Preliminary Results

Fecal pollution indicator organisms, enterococci and fecal coliforms, were enumerated to assess potential risks of pathogen exposure (see Table below). Both the NS&T Mussel Watch and NCA assessments used membrane filtration and m FC agar to enumerate fecal coliforms (APHA, 1998). This method involved filtering multiple volumes of sample water through 0.45 µm nitrocellulose membranes. In this case, sample volumes ranging from 0.1-100 ml of sample water were filtered and each membrane was placed on appropriate media and incubated at 44.5 ± 0.5 o C for 24 ± 2 hours. Typical blue fecal coliform colonies were counted and the density of fecal coliforms (colony forming units -cfu) per 100 ml of sample was calculated.

The methods for enumerating enterococci differed between the two surveys due to unavoidable variation in supplies and equipment. Membrane filtration with m Enterococcus agar was used on the NS&T Mussel Watch cruise (APHA, 1998). This method involved filtering 0.1, 1, 10, 50 and 100 ml of sample water through a 0.45 µm nitrocellulose membrane. Each membrane was placed on m Enterococcus agar and incubated for 48 hours at 35 ± 0.5 o C. Pink and red colonies, enterococci, were counted and the number of enterococci cfu/100 ml of sample was calculated.

The Enterolert system was used for the analysis of enterococci during the NCA interagency assessment. Ten ml of the marine water sample were diluted in 90 ml of sterile water and pre-measured media was added to the sample. The mixture was then added to a specialized plastic tray containing one large well and 50 smaller ones. The tray was sealed and incubated at 41 ± 0.5 o C for 24 hours. Wells that are positive for bacterial growth will fluoresce under ultraviolet light. Accordingly, numbers of positive wells were counted and an MPN table was used to estimate the most probable number (mpn) of enterococci per 100 ml of water sample.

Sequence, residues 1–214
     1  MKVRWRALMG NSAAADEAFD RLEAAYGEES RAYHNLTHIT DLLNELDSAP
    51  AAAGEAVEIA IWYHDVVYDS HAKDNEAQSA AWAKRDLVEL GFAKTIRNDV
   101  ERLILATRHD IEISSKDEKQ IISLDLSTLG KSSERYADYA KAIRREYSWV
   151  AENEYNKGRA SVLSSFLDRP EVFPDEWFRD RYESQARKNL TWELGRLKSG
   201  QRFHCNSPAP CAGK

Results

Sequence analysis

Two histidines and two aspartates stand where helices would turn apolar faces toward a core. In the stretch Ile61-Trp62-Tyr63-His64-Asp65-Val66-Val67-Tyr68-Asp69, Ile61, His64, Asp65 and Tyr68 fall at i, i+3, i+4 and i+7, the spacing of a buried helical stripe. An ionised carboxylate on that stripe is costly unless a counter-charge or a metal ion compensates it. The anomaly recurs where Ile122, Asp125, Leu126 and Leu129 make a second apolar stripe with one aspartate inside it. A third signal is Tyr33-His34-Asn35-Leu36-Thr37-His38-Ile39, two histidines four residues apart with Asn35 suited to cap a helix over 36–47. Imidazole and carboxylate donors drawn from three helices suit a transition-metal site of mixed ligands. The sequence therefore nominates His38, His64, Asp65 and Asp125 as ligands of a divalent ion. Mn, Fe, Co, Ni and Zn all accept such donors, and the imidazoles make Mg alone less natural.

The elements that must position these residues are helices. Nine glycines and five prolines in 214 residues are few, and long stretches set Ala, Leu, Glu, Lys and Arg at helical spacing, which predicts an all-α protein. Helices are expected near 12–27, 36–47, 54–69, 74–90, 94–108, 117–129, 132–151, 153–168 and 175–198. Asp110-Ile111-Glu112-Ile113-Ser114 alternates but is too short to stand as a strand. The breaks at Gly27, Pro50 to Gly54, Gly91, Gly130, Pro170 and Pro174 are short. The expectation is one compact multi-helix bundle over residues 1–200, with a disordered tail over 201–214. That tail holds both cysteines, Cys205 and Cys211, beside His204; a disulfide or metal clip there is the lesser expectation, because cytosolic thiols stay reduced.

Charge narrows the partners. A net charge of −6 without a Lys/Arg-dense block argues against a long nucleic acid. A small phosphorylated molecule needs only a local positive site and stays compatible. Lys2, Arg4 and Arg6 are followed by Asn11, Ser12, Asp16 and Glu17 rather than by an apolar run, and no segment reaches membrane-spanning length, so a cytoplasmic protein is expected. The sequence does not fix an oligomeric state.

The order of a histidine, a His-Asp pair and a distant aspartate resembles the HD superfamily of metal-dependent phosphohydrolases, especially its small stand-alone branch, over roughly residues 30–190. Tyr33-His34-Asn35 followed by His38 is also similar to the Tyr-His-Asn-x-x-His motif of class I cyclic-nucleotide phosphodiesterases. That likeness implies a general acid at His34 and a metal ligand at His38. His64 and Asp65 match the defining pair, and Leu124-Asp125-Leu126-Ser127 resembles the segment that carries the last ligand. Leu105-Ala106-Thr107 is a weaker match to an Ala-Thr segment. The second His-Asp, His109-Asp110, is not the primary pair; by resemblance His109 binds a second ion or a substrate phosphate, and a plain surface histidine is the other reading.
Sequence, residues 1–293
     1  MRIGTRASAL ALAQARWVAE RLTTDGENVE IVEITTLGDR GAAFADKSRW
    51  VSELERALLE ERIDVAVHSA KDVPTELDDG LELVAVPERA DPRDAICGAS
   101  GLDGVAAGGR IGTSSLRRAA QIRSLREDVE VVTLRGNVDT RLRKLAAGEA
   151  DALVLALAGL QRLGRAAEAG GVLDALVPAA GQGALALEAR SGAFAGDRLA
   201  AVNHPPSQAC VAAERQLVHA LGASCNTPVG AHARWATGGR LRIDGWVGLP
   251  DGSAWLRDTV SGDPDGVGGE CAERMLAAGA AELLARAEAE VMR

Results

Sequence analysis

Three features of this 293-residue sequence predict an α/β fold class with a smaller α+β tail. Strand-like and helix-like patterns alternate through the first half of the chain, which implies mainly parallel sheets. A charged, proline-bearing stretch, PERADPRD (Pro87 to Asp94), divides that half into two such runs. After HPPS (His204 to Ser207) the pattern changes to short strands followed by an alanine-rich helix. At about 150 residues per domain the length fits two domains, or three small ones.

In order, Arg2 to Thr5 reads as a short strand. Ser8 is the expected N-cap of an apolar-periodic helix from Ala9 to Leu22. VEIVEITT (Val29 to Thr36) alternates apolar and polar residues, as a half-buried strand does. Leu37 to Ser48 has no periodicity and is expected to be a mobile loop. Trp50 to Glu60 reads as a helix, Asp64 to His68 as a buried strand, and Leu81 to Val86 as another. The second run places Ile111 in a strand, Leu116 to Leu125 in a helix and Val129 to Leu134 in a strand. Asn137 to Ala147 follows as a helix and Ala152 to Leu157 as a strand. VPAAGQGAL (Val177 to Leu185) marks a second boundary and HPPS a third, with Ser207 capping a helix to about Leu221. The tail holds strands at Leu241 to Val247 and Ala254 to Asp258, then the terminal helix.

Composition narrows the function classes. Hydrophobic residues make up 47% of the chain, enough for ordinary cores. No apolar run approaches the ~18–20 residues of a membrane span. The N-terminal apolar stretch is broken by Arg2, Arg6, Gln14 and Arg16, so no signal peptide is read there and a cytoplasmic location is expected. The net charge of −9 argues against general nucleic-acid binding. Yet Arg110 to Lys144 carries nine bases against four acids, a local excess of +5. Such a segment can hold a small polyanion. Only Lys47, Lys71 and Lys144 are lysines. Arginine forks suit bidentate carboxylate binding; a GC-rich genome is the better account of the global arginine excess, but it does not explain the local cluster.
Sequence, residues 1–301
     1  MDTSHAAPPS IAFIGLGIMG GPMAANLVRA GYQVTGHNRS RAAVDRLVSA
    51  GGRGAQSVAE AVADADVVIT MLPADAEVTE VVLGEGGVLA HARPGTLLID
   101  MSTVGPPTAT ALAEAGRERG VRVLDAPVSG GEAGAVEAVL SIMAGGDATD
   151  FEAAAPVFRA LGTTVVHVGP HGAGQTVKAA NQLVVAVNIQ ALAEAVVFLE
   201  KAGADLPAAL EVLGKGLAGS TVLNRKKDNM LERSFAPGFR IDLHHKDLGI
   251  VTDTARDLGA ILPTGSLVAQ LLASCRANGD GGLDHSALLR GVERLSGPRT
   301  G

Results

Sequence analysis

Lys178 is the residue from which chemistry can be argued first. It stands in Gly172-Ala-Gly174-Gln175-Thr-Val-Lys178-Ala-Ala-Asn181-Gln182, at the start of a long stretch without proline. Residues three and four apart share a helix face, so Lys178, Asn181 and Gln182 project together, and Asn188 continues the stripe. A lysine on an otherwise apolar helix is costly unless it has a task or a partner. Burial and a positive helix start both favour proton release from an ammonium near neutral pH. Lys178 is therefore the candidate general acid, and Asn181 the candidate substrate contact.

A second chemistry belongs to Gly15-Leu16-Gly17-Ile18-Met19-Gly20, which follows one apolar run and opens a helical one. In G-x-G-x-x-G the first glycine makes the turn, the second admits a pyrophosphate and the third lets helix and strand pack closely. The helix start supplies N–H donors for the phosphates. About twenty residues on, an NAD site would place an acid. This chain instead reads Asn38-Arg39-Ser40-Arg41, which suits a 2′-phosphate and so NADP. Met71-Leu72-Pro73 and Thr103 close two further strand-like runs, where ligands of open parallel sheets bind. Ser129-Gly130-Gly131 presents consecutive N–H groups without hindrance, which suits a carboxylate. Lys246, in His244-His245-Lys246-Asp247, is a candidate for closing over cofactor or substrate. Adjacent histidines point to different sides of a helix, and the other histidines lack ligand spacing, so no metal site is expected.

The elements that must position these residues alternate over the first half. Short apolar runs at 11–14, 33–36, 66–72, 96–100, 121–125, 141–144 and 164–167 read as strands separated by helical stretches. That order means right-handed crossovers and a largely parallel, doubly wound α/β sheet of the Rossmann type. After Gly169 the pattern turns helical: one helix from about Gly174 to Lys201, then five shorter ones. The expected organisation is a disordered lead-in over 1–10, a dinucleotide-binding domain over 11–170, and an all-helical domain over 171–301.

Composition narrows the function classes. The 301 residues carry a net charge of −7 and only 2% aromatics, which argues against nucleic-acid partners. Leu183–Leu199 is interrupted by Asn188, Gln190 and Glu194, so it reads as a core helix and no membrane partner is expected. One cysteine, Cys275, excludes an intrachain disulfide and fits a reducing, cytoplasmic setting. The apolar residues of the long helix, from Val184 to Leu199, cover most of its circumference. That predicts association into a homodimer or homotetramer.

Fourteen samples (70%) from the NS&T Mussel Watch cruise tested positive for fecal coliforms, and all 20 (100%) samples were positive for enterococcus. Fecal coliform concentrations in positive samples from the NS&T Mussel Watch cruise ranged from 1-37 cfu/100 ml. Enterococci concentrations ranged from 6-673 cfu/100 ml. Only three samples (10%) from the OSV BOLD cruise were positive for fecal coliforms and concentrations for these samples ranged from 1-3 cfu/100 ml. Three samples (10%) were also positive for enterococci and the concentration in these samples (10 cfu/100 ml) was at the limit of detection.

Fecal coliform concentrations in water samples from the two cruises were compared to two criteria for shellfish harvesting waters (EPA 841-R-00-002). The first criterion (14 cfu/100 ml) is the 30-day median concentration, while the second (43 cfu/100 ml) is the criterion that should not be exceeded by >10% of samples collected during a 30-day period. Three of the samples from the NS&T/Mussel Watch cruise exceeded the first criterion and none of the samples from that cruise exceeded the second, higher number. None of the samples from the OSV BOLD/NCA cruise exceeded either of the criteria.

Enterococci concentrations in water samples from the two cruises were compared to EPA criteria for recreational water uses (EPA440/5-84-002). Concentrations in samples were compared to single sample maximum (SSM) criteria based on the frequency of exposure. Results were compared to both the SSM for a designated bathing beach area (104 cfu/100 ml) and the SSM for infrequent use (501 cfu/100 ml). Ten samples from the NS&T Mussel Watch cruise exceeded the criterion for a designated beach area and one sample (MRPL) exceeded the less-stringent criterion for infrequent use. None of the samples from the OSV BOLD/NCA cruise exceeded either of these criteria.